- Andrew Purves, Reconstructing Pastoral Theology: A Christological Foundation — Challenges pastoral theologies that come out of a “clinical, psychotherapeutic, or, more generally, social-scientific direction rather than a theological or doctrinal direction.” He believes these have resulted not only in the loss of theological grounding but also in the domination of “secular goals and techniques of care.” Thus he raises the question: “What makes pastoral work Christian?”
- Andrew Purves, The Crucifixion of Ministry – The first in a series that is followed by The Resurrection of Ministry (2007). It would be hard to find a more powerful combination for anyone wanting to revive their ministry by deepening it. Here, he theologically unpacks an approach to ministry characterized as participation in Christ. Purves is by far the most inspiring academic pastoral theologian, a close second to Eugene Peterson as a practitioner-theologian.
- Andrew Purves, The Resurrection of Ministry: Serving in the Hope of the Risen Lord — Excellent theology that builds upon the nature of the resurrection as a theological basis for renewing one’s hope and sense of calling. A sequel to Purves’ The Crucifixion of Ministry.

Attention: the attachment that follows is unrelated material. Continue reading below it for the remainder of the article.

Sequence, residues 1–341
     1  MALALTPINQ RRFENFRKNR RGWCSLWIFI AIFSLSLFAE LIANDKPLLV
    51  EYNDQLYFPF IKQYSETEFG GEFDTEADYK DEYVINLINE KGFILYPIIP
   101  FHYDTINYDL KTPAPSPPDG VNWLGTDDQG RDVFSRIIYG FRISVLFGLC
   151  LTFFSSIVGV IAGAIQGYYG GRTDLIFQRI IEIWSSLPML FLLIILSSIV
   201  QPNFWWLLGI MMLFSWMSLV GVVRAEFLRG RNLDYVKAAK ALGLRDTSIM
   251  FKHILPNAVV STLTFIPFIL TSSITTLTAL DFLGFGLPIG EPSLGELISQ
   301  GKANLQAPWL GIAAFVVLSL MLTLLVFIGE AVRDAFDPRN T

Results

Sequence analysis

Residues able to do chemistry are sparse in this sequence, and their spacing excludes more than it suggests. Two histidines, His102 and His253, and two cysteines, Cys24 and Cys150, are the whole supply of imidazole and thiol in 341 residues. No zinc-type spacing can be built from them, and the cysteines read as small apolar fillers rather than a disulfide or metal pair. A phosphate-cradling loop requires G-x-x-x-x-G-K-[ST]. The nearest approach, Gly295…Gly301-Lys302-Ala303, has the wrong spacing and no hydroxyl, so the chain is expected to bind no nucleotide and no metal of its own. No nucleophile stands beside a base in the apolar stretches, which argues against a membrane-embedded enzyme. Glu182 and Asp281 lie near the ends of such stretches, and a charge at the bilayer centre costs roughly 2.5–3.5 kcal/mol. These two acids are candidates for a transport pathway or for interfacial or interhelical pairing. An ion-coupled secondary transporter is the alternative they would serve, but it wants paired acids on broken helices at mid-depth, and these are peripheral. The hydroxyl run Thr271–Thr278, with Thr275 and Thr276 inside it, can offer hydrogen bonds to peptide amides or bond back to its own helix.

Theologies Based on the Ministry of Paul
- Richard S. Ascough and Charles A. Cotton, Passionate Visionary: Leadership Lessons from the Apostle Paul — A fascinating collaboration of a two professors, one in New Testament and the other in business, seeing Paul through the rubric of the contemporary theory of “chaordic leadership.” They look at Paul’s four major leadership practices as revealed through sixteen carefully selected passages from his epistles.
- Efrain Agosto, Servant Leadership: Jesus & Paul – A work of biblical scholarship that looks at how Jesus and Paul demonstrated servant leadership, primarily with the poor and oppressed, through lives of hard work and sacrifice. An application of liberation theology.
- D. A. Carson, The Cross and Christian Ministry: Leadership Lesson from 1 Corinthians – An excellent treatise on the nature of Christian ministry drawn from Paul’s emphasis on the cross in Corinthians.
- Neil Cole, Journeys to Significance: Charting a Leadership Course from the Life of Paul (Jossey-Bass Leadership Network Series) – Describes Paul as an example of how to lead “throughout a lifetime, increasing significance all along so that one finishes strong and leaves a legacy of leaders to carry on the work.” Makes use of Clinton Leadership Emergence Theory.